Another marine decapod, this crab hunkered down while I moved the camera closer to get a shot. Fascinating camouflage.
We may have found a new cichild species for the Osa during a trip to Rio Claro. The book Mike used for identification appeared to recognize only one cichlid as inhabiting the Osa, and picture are two distinct species we caught in Rio Claro. I currently don’t have their full IDs, but I believe the one on the right is A. sajica, which was previously known from Osa.
I haven’t seen all that many birds yet and I’ve captured even fewer with photographs, likely because I am usually preoccupied with ground dwelling herps. Here are two that I’ve gotten photographs of though. One is a fly catcher that I have yet to identify (mostly because I’m writing in a bed and the bird book is in the closet…. I guess I’ll call it a Great Kiskadee, although it’s a bit small for that), and the other is a Cherries tanager. Maybe I can get some help on the identifications… Update – it´s a great kiskadee…lame.
A fish caught in Río Tortugo with a hilarious common name.
A river Mike sampled for fish was named after the land it drained: Brian’s grandmother’s house and surrounding farm. Brian, Mike’s assistant and friend, is an 18 year-old Costa Rican born and raised on the Osa. His grandmother’s farm, pictured here, was unbearably hot. The picture doesn’t really do the terrain justice; are there any suggestions on how to reduce a flattening effect in photos with lots of depth of field? (or maybe that’s impossible without stereo-lenses)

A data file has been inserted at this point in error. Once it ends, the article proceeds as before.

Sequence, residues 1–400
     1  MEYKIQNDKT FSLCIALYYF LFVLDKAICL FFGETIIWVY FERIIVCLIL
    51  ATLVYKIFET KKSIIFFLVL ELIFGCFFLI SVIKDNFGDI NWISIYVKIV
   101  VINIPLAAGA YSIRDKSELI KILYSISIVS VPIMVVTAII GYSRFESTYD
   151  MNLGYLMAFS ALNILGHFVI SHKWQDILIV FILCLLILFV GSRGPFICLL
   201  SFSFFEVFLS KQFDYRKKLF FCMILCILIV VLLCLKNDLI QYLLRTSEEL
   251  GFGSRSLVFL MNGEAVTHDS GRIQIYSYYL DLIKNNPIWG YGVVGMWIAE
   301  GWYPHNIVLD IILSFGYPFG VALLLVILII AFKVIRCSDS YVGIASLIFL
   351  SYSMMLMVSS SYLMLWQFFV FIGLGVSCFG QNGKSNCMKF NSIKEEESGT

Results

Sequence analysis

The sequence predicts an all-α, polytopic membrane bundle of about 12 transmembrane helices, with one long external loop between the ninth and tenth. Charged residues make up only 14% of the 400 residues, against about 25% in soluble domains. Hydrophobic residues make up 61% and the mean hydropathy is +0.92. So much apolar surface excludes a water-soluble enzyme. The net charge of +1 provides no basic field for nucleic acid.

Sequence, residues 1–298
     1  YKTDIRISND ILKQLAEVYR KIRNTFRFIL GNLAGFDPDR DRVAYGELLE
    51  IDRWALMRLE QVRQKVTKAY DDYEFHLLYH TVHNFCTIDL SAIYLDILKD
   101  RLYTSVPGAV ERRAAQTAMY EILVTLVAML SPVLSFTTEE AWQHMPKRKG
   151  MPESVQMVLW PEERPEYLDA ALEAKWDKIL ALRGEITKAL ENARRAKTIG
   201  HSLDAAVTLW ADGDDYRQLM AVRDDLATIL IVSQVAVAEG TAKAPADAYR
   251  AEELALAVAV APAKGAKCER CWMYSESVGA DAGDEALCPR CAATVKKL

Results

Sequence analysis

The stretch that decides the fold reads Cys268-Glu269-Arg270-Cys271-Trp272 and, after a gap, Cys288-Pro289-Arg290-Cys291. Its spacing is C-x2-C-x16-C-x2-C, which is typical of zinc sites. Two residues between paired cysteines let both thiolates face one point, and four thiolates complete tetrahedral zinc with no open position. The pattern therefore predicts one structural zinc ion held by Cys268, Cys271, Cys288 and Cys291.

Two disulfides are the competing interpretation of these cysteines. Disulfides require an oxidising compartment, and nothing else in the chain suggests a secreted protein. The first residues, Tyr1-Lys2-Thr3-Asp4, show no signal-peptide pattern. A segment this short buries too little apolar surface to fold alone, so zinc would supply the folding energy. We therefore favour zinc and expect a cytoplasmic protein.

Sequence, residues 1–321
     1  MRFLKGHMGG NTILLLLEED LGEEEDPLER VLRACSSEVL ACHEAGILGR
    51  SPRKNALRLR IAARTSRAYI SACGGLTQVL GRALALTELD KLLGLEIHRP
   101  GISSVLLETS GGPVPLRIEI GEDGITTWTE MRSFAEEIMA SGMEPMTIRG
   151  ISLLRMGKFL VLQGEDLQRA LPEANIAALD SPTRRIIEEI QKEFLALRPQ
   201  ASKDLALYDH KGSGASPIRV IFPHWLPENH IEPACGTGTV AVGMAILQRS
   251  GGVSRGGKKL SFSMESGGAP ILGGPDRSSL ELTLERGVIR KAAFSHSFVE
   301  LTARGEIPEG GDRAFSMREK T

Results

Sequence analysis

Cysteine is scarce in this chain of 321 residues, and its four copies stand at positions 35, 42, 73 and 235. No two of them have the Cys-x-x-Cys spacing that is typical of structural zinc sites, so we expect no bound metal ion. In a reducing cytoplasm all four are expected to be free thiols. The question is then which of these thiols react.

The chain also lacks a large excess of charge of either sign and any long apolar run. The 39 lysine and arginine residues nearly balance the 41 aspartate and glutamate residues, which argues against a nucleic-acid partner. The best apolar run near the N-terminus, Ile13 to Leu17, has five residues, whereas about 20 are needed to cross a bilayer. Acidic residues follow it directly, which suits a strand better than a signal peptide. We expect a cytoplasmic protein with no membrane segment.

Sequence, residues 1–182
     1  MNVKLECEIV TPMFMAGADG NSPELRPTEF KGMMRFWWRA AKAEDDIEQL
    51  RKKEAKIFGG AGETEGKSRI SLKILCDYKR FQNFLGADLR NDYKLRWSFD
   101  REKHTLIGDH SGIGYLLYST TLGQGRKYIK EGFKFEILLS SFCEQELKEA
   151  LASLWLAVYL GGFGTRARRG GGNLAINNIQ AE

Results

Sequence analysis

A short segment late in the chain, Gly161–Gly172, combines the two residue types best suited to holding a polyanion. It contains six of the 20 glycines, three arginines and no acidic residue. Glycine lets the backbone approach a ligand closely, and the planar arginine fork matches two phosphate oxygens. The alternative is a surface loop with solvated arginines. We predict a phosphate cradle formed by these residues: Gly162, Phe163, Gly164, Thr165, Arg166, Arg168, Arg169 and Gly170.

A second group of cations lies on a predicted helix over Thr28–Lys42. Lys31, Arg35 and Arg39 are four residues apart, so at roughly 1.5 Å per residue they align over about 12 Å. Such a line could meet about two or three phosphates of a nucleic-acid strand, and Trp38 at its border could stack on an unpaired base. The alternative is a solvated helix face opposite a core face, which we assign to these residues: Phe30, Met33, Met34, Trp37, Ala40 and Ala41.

Upon arrival in San Jose, Mike and I made some exchanges at the bank, resulting in a a large stack of colones. I moved from San Jose last night and am currently at one of my mentor’s parents-in-law’s house in San Pedro, a 10 min bus ride to UCR instead of a 45 min one. Plus there is good, grandmotherly, cooked typical tico (Costa Rican) breakfast and dinner.
At Campanario, in the Osa Peninsula, there were land crabs everywhere during the night. They were beautifully colored and I caught a couple of them consuming fallen, decomposing leaves near a stream, which is of course interesting to me. They were much more abundant this March than in January.
My first post from Costa Rica is a farewell to the first leg of my trip. This morning, at 4:30 AM, Allison and Erin climbed into a taxi for the airport, and so ended our three week excursion to the Osa and premontane rain-forest. I find it fitting then to post a picture of the four of us posing atop the first cascade of several in a river we dubbed Rio WTF. The river’s original name (Koyok) was immediately revoked when we realized that we would need to climb two waterfalls and a mountain to collect leaf samples from it (Mike and I were able to do it in under 10 sec with minor injuries). If you’re not aware of what the new name’s acronym stands for, google it.